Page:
SEQUIM — Looser sign restrictions, closing a portion of Washington Street this Fourth of July and supporting an increase in outdoor seating are the latest ways the Sequim City Council discussed to support businesses during Phase 2 of Gov. Jay Inslee’s “Safe Start” plan.
The council unanimously agreed last week to close a portion of Washington Street on Independence Day to encourage people to visit businesses downtown.
Council member Troy Tenneson said the idea is “a win for businesses” and “provides a way for people to be in the open air and interact.”
Barry Berezowsky, director of community development, said he thinks it is a great idea and suggested it be expanded to other weekends.
City Manager Charlie Bush said in a phone interview that city staff and Sequim-Dungeness Valley Chamber of Commerce representatives are contacting businesses to discover the level of interest in participating.
City staff members are investigating other cities’ efforts to close streets temporarily for events and permanently for a bigger effect.
“We are just exploring ideas,” Bush said.
Deputy Mayor Tom Ferrell said he felt it was a “great goal,” and he’d like a well-planned street fair where vendors come out with plenty of spacing.
“This is an exciting time,” he said. “I think this is an energetic step we take.”
Mayor William Armacost said it is an opportunity for the city “to expand our thinking outside the box.”
Bush also issued an emergency order with City Council members’ support to loosen enforcement in the city’s Municipal Code in late May so businesses could use temporary portable signs to bring more awareness to their establishment’s location, services and take-out and curbside orders during the pandemic.
Berezowsky said in May that, other than loosening the sign code regulations, there’s not much else they can do without investing more time in the ordinance.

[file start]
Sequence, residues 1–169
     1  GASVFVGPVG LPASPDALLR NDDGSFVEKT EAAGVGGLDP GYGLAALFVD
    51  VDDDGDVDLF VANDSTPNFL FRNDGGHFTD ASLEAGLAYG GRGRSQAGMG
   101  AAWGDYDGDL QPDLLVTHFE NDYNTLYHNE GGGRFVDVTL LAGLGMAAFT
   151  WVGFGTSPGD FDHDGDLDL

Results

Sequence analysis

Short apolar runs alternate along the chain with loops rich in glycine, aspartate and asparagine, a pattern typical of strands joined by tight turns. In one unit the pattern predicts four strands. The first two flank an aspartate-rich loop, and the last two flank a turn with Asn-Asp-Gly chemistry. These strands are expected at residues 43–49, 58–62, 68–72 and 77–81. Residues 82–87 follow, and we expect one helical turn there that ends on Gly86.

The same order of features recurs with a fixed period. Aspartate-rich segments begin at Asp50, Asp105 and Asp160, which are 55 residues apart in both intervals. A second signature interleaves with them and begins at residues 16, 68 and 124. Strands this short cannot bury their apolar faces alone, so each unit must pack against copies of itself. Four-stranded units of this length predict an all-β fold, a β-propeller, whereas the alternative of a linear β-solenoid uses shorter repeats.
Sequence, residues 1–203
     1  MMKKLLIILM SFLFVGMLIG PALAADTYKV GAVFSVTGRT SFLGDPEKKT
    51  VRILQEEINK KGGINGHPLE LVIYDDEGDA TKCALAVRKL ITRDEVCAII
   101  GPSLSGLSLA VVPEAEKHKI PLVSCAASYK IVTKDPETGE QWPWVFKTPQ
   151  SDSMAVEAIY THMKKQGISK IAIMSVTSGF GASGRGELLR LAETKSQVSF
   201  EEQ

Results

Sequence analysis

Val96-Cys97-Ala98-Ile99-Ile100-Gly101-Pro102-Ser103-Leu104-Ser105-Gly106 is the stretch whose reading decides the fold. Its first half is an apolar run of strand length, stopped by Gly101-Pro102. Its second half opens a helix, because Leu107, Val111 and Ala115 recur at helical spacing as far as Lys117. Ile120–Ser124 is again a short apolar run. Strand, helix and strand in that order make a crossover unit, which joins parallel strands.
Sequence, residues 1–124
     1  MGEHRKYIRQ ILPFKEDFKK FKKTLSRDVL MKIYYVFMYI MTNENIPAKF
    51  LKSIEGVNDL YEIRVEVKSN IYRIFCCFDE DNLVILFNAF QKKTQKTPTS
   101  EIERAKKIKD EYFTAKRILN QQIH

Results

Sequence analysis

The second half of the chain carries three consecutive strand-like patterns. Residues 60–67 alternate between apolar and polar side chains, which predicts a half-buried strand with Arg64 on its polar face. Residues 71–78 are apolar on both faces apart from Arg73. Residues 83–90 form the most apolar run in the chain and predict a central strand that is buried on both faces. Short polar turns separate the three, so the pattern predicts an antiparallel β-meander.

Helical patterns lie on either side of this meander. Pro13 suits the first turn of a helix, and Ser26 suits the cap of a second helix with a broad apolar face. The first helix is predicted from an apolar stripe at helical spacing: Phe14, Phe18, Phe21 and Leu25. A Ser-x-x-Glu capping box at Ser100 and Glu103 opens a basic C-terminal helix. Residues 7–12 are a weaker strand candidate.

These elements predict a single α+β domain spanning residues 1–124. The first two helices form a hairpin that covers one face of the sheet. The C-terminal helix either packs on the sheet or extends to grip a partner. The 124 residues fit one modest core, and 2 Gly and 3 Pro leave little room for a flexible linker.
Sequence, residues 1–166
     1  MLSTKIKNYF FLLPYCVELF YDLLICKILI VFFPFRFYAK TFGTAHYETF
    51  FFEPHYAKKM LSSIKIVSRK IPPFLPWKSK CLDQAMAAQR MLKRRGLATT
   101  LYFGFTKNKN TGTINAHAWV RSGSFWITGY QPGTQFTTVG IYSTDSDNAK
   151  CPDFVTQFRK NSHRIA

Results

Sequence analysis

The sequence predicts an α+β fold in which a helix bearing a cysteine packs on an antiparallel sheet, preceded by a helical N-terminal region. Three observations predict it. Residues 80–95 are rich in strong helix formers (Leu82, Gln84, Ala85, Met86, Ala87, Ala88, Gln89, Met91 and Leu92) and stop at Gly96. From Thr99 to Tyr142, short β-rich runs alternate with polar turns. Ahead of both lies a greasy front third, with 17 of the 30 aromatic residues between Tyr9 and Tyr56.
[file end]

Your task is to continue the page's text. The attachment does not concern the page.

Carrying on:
“This policy would allow them to do whatever they wish to direct people to their place of business about hours, curbside, etc., so long as it does not impact pedestrians or traffic,” he said.
“It’s a step in the right direction.”
In the order, temporary signs’ faces must be 6 square feet or less and easily removable from a site.
They also can’t be placed in travel lanes, block sight distance at intersections or block pedestrian movement on sidewalks.
Berezowsky said the city holds the right to remove signs if rules are not followed.
He said if temporary signs become too prevalent, it could be difficult to “rein back in.”
He said his plan is to hold a conversation in the next year about the city’s sign code that includes temporary signs and group signage.
Another emergency order (No. 2020-27), the “Sequim Open Streets and Special Events Initiative,” looks to partner the city and local businesses and property owners on well-spaced seating, curbside pickup and sanitation.
Berezowsky said the city is exploring options for more outdoor seating.
“We’re working with the (Sequim-Dungeness Chamber of Commerce) for communication, particularly in downtown, to get a sense of what they’d like us to do,” he said.
City staff said the initiative provides multiple elements, such as providing picnic tables on city property, identifying parking spaces only for curbside pickup, scheduling street closures for safe shopping, allowing additional signage and outdoor seating, permitting art shows and performances in public spaces, locating hand sanitation near seating areas and at intersections and, with discretion from the Public Works and Community Development directors, temporarily waiving fees required for special event permits.
The initiative will be in effect until COVID-19 emergency orders are lifted.
For more information, call the City of Sequim Department of Community Development and Public Works Department at 360-683-4908.
Matthew Nash is a reporter with the Olympic Peninsula News Group, which is composed of Sound Publishing newspapers Peninsula Daily News, Sequim Gazette and Forks Forum. Reach him at email@example.com.